Airport Security *****
Reception of locals ****
Update: I originally wrote this article when I was living and working in NYC, but other than a SuperBowl party, I didn't get to see an NFL game live. That all changed on my return, so I've updated this article.
Almost all the world plays (English) football. No matter where I have gone, football seems to be the unifying language. Roughly a third of the world also plays cricket, and rugby has far surpassed its humble origins in the English Midlands into a truly global sport played across all hemispheres.
American sports on the other hand are not so well known outside their home country. Baseball is limited to the American continent, surrounding islands and parts of Pacific Asia (i.e. Japan and Korea), ice hockey is limited to the North American continent and parts of northern Europe, American football seems to be just the States. In fact, its only basketball that has a somewhat global following, so unsurprisingly its only basketball that I had any familiarity with.
However, wanting to immerse myself in American culture, and being a keen sportsman myself, I thought watching as many American sports as I could was a way of better understanding the American psyche and its people.
There are a lot of things New York does well, and a few things that it doesn't do so well. One thing the city does particularly well is its museums. Across the 5 boroughs of New York, there are 80 museums, 32 of them in Manhattan, the area in which this article will concentrate on. The city has its own 'Museum Mile' an area that is covered with museums.
This number is considerably smaller than London (where there are over 200), and not only that, unlike the UK, museums in the United States charge admission prices, and some of the prices can be incredibly steep. However, despite these negatives, and the relative youth of the city, the museums in New York more than hold their own against European and British museums - and here are 10 of my favourites.
The High-Rise City
Chicago might be the birthplace of the skyscraper, but New York City is undoubtedly its home. A combination of inventions, and a Great Fire, gave the skyscraper the impetus to become the building that dominates most major city skylines around the world, and for New York, skyscraper fever began in 1890 when the World Building overtook Trinity Church, a building that had been the city's tallest for over a century.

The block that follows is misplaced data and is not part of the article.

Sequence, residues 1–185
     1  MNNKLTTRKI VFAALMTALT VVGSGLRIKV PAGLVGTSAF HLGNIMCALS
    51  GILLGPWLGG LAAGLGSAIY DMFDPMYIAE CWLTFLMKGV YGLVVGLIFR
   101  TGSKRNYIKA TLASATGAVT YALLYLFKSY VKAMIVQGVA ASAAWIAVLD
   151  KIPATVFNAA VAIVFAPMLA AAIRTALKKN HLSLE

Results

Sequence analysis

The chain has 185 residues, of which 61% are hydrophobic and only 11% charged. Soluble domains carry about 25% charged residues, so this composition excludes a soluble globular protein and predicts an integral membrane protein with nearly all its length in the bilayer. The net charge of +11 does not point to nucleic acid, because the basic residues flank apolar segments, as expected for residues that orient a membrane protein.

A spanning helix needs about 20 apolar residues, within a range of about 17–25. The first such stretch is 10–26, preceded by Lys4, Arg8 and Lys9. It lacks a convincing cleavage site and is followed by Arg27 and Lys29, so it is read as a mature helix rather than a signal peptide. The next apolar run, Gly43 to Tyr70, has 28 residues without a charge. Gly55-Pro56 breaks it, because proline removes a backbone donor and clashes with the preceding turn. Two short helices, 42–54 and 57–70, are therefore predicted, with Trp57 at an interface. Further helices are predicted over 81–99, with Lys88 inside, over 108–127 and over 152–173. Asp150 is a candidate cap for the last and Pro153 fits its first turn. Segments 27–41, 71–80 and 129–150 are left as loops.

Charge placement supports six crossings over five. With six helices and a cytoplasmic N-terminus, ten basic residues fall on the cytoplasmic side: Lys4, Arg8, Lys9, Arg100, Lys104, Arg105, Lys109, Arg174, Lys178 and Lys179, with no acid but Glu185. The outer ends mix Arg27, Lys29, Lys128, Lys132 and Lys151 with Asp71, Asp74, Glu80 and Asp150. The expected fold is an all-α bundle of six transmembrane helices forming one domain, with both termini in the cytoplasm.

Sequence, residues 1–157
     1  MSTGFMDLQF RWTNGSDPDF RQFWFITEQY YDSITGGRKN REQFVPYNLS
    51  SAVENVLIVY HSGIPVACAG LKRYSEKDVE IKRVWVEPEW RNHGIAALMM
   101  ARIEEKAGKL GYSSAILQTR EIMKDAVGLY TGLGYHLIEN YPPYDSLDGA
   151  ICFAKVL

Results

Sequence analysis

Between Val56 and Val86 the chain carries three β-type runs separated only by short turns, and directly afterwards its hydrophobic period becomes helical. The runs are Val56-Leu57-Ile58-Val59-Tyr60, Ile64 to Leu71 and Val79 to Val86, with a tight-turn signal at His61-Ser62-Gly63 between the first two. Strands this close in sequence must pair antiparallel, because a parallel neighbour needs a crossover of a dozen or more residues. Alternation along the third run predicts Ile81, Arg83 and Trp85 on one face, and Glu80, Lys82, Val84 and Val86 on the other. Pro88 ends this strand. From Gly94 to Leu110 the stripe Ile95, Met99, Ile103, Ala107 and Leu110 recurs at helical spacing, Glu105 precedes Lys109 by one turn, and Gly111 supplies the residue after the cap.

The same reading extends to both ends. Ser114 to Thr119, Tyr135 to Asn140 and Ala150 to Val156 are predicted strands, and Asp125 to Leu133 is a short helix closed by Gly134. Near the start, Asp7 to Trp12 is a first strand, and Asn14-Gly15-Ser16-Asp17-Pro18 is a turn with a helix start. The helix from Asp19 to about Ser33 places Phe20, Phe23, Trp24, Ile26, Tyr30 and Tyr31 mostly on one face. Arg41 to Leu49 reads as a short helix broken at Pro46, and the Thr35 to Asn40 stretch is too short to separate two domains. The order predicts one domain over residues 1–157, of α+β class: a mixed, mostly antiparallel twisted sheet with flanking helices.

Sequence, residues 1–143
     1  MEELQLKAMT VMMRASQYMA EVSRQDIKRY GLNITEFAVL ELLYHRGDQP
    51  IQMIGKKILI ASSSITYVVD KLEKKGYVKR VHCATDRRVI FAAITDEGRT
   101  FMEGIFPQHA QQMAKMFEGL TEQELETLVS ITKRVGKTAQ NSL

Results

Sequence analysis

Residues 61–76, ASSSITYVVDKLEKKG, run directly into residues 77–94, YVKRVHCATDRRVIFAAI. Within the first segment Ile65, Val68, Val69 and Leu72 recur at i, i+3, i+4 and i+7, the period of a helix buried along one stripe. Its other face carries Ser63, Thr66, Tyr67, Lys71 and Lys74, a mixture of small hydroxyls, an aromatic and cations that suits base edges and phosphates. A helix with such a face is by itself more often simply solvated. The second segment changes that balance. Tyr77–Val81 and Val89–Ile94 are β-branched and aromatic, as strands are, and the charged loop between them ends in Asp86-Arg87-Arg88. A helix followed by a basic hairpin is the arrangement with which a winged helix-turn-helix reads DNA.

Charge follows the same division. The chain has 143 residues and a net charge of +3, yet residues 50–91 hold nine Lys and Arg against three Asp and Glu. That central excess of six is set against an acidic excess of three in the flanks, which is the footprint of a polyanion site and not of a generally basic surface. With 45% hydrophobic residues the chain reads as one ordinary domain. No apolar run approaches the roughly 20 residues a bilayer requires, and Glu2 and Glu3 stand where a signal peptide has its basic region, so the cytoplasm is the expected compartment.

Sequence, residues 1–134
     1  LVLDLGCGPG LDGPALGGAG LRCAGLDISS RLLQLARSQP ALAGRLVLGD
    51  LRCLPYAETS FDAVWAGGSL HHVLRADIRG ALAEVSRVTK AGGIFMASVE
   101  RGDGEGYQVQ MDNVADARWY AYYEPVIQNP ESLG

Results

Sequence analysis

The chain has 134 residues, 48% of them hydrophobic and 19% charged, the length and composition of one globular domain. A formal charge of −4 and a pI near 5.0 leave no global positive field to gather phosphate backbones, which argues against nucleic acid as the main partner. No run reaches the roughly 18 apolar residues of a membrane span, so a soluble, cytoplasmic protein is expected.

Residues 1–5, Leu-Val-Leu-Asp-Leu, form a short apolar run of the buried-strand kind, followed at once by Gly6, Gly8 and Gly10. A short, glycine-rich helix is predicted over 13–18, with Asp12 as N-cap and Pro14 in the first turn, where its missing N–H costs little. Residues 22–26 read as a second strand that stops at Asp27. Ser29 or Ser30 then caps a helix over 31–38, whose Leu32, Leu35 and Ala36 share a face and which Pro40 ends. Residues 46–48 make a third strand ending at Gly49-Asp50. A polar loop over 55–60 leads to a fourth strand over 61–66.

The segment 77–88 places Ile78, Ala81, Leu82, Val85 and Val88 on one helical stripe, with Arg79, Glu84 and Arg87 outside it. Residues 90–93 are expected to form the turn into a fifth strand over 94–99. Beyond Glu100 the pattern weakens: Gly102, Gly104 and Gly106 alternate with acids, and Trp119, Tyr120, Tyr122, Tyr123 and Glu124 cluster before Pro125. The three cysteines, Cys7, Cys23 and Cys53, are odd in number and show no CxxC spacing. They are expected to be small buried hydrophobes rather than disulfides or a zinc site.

Since then, New York has seen three different skyscraper booms: 1890 - 1930, 1960-1972 and finally the current boom that began with One World Trade Center. Most of these 200+ skyscrapers are located either in the financial district or Midtown. As mentioned in previous articles, New York hasn't (at least until very recently), taken building preservation very seriously so very few of the earliest skyscrapers exist. In fact, some skyscrapers stood for a matter of years, only to be replaced by taller buildings in their very spot.
I'm sure everyone has their favourite skyscraper in NYC, here is a list of my top 10.
This is the third time I'm writing an end of year review, and it's always nice to have a look back on the places I've been lucky enough to visit.
You can read my end of year review for 2017 here.
You can read my end of year review for 2016 here.
For the first time, I didn't do an extended trip, but instead took a large number of smaller trips to cities in Europe, Asia and North America.
I kicked off the year in Italy, visiting Rome (including a quick stop in the Vatican), Naples, Pompeii and the Amalfi Coast. I then went to Asia where I returned to Singapore after 5 years. I then experienced a personal highlight exploring Kuala Lumpur and the nearby Batu Caves. It was back to Europe as I visited Vienna, Frankfurt and Zurich in quick succession. I then had a change of pace as I climbed the 'Rock' during my time in Gibraltar. I finally got to visit a city I've wanted to see for a long time when I made the trip to Berlin. As summer turned to autumn I returned to Amsterdam before ending the year with short trips to New York and Edinburgh.
As with the posts the last two years, you can click any of the blue links to read in depth reviews of each location.
I lived and worked in New York City and found it was unlike anywhere else in the world. And, without a doubt, Manhattan is NYC's beating heart.
The cool thing about Manhattan is that it's split into a number of neighbourhoods, each with its own unique character. The differences between Chinatown, the Financial District, TriBeCa and SoHo are incredible, even though you could walk through each of them one after the other.
Given these differences, I decided that during my time in New York, I would visit every part of Manhattan and then pick some things I really enjoyed. Since my return, friends have been asking for my tips, so I thought I'd share this more widely. This list shows one thing to do in every Manhattan neighbourhood, with the neighbourhoods defined by the city's own political map.